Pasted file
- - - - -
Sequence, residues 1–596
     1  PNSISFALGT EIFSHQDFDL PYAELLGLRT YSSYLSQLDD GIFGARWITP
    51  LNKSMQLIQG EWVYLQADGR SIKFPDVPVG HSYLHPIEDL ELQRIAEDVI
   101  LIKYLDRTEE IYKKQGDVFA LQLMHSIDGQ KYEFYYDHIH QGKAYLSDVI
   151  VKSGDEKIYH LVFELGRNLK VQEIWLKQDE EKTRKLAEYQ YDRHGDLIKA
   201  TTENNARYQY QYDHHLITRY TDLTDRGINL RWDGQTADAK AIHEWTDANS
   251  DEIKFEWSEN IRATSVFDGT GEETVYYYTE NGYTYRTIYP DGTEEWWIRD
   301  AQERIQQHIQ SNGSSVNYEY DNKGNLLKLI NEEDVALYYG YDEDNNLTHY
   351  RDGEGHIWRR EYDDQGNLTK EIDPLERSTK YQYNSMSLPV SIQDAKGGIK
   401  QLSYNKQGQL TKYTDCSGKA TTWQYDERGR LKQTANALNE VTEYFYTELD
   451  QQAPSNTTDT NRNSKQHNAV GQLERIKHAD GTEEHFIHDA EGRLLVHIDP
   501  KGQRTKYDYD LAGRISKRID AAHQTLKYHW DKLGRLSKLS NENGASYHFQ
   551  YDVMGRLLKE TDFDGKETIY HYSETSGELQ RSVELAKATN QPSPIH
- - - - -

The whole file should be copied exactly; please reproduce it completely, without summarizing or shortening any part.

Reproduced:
Sequence, residues 1–596
     1  PNSISFALGT EIFSHQDFDL PYAELLGLRT YSSYLSQLDD GIFGARWITP
    51  LNKSMQLIQG EWVYLQADGR SIKFPDVPVG HSYLHPIEDL ELQRIAEDVI
   101  LIKYLDRTEE IYKKQGDVFA LQLMHSIDGQ KYEFYYDHIH QGKAYLSDVI
   151  VKSGDEKIYH LVFELGRNLK VQEIWLKQDE EKTRKLAEYQ YDRHGDLIKA
   201  TTENNARYQY QYDHHLITRY TDLTDRGINL RWDGQTADAK AIHEWTDANS
   251  DEIKFEWSEN IRATSVFDGT GEETVYYYTE NGYTYRTIYP DGTEEWWIRD
   301  AQERIQQHIQ SNGSSVNYEY DNKGNLLKLI NEEDVALYYG YDEDNNLTHY
   351  RDGEGHIWRR EYDDQGNLTK EIDPLERSTK YQYNSMSLPV SIQDAKGGIK
   401  QLSYNKQGQL TKYTDCSGKA TTWQYDERGR LKQTANALNE VTEYFYTELD
   451  QQAPSNTTDT NRNSKQHNAV GQLERIKHAD GTEEHFIHDA EGRLLVHIDP
   501  KGQRTKYDYD LAGRISKRID AAHQTLKYHW DKLGRLSKLS NENGASYHFQ
   551  YDVMGRLLKE TDFDGKETIY HYSETSGELQ RSVELAKATN QPSPIH